Thursday, October 3, 2019

Bottled Water, Tap Water

The Food and Drug Administration (FDA) regulates bottled water as a packaged food under the Federal Food, Drug and Cosmetic Act and has established standards for testing bottled water that are not as stringent as the EPA’s Safe Drinking Water Act (SDWA) standards, though derived from the SDWA. The FDA requires using an approved source of water, but without a definition of what an approved source of water is.

The Environmental Protection Agency regulates public drinking water supplies under the Safe Drinking Water Act (SDWA). The actual safety of the water depends on the effective operation and compliance of the public water utility and the condition of the water distribution system. Though a large number of Americans believe that bottled water is safer than tap water “almost 64% of bottled water sold in the United States is filtered tap water.” (Consumer Reports November 2019 page 38.) The rest of the bottled water in the United States comes from Artesian wells, mineral well water, spring water, well water, or is imported (Fiji Water actually comes from an Artesian well in Fiji. How insane is it to ship water the United States from the South Pacific?)

The safest and most consistent source water is still a protected groundwater aquifer with a confining geological layer. That is why there are safe private wells that do not require treatment. When used as the source of the bottled water a protected groundwater aquifer can provide very good quality water with consistent taste. Surface water sources, such as lakes, streams and rivers are open to contamination from animals, and runoff. Surface water needs to be treated to disinfect and purify the water. The safest bottled water is either from a regulated and municipal supply that has been treated to meet SDWA standards and then is filtered or that comes from a protected groundwater aquifer or spring. In our modern world groundwater aquifers are potentially vulnerable to a wide range of man-made and naturally occurring contaminants, including many that are not regulated in drinking water under the SDWA, or by the FDA for bottled water.

Man people say they prefer bottled water because of its taste. The taste of all water has to do with the way it is treated and the quality of its source water, including its natural mineral content. One of the key taste differences between tap water and bottled water is due to the residual taste from disinfection and impurities built up in the distribution system. The bottled water industry bypasses the aging distribution systems of our cities and filters out disinfection residuals or uses ozone or ultraviolet light to disinfect the water leaving no residual taste. Americans drink 12-13 billion gallons of bottled water each year at a cost of $31 billion. If you filled a reusable glass or stainless steel container with filtered tap water, that same water would cost around $15 million.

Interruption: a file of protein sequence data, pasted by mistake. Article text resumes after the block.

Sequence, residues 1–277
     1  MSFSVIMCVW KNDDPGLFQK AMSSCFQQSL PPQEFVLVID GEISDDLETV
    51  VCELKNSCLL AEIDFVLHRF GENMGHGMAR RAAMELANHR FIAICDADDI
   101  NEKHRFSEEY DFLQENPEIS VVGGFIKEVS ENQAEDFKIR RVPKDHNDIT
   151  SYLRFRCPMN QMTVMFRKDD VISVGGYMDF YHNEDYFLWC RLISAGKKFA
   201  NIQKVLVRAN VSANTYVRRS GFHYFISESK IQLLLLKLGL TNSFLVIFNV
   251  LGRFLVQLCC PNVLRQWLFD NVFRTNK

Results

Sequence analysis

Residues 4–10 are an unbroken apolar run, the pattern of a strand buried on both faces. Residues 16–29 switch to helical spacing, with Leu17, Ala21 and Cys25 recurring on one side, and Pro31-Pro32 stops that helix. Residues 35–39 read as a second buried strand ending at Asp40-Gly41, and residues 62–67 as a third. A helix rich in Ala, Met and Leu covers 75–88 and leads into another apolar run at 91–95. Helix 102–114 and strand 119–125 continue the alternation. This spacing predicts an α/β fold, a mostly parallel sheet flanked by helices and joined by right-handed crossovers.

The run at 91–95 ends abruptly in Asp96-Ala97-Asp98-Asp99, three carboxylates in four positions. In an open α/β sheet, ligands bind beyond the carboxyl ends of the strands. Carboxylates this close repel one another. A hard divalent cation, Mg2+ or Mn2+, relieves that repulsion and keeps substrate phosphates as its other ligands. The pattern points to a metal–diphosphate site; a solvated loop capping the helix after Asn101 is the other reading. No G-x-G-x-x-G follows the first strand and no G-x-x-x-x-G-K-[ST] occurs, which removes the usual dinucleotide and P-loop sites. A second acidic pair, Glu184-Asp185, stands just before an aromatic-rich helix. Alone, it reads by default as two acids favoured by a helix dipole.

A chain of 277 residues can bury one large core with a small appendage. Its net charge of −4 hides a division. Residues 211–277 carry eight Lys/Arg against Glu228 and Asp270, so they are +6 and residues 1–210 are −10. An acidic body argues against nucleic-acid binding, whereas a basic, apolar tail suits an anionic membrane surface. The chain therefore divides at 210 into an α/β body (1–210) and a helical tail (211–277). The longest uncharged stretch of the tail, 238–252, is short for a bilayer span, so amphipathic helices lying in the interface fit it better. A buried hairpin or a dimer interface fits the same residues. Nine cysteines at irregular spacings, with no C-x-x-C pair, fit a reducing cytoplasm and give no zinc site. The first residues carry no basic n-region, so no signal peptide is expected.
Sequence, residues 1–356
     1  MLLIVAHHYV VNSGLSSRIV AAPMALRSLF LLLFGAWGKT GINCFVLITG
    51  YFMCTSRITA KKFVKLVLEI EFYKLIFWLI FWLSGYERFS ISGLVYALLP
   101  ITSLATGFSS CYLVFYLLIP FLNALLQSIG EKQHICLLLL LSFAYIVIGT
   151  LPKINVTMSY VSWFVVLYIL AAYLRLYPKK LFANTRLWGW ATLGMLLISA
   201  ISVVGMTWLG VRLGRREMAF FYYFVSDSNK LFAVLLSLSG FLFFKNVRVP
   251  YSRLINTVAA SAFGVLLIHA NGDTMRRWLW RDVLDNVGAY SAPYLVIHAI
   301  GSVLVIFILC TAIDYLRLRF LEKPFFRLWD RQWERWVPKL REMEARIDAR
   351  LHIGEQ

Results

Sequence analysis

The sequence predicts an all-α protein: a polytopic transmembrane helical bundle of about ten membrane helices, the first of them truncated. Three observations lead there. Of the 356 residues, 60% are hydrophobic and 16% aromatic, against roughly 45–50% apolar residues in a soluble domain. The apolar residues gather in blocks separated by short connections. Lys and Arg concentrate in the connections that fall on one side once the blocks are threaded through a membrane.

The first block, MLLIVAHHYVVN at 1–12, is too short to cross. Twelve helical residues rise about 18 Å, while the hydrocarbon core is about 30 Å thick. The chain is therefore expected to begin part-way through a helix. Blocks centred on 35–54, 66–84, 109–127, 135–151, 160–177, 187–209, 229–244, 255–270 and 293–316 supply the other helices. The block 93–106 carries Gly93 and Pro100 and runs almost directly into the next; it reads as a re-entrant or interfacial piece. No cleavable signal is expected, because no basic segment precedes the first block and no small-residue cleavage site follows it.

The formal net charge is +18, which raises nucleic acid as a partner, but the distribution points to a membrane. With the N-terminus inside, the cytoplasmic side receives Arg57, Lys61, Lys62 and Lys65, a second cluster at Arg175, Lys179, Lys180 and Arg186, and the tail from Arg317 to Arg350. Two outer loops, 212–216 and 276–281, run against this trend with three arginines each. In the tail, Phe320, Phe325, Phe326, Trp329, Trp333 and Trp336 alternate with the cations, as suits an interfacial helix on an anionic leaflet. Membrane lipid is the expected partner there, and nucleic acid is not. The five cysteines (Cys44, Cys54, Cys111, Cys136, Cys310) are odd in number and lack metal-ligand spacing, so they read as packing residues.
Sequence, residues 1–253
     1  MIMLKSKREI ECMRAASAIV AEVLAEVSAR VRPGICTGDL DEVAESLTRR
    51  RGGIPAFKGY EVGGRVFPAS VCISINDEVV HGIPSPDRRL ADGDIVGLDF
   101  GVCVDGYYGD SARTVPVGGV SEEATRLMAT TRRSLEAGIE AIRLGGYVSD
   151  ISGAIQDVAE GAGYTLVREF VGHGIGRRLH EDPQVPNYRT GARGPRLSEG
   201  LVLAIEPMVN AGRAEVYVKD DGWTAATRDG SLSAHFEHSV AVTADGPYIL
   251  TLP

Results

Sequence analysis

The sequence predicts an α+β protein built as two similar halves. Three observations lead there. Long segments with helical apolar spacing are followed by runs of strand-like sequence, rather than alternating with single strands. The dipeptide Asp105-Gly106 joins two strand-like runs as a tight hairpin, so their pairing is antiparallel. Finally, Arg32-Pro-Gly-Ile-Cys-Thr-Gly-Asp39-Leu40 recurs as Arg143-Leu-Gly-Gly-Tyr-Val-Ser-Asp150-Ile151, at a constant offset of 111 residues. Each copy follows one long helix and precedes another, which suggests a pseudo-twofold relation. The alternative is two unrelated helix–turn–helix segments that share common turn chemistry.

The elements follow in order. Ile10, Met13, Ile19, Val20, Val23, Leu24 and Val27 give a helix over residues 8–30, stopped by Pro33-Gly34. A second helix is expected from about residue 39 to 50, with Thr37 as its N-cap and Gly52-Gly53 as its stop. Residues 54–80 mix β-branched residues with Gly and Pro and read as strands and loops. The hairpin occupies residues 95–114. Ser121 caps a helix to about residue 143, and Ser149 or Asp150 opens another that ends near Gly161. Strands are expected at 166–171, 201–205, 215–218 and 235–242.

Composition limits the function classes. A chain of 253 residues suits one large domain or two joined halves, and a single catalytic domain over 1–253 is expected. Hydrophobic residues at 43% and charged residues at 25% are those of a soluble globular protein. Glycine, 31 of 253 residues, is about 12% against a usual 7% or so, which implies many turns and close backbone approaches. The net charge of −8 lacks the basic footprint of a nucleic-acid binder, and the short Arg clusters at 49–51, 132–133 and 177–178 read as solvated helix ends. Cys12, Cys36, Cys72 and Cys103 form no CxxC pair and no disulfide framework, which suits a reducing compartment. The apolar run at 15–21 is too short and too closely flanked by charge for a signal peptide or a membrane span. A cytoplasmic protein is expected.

Filtering your tap water and using your own stainless steel bottle saves money. Filtering can improve the taste and purity of tap water. Reusable bottles help shrink the global glut of discarded plastic bottles. According to the EPA, less than a third of PET plastic bottles are recycled, the rest end up in landfills, along roadways (I have seen people just toss plastic bottles out car windows), and polluting our streams and rivers adding to the mass of plastic pollution overtaking the planet. Since the beginning of the 20th century mankind has made an estimated 8,300 million metric tons of plastic.

Instead of spending money on bottles of water you should be fighting to maintain and improve our public water supplies in our communities. If your home’s water comes from a public water system, the best way to learn more about your water quality is to read your water supplier’s annual water quality report which should be sent to you annually. If your water comes from a private drinking water well, you need to know the condition of the groundwater that supplies your well. EPA recommends testing the water regularly for bacteria, nitrates, and other contaminants. The Virginia Rural Household Water Quality Program recommends that ever three years you test your well for at least coliform bacteria, E coli, pH, total dissolved solids (TDS), nitrate, and other contaminants of local concern.

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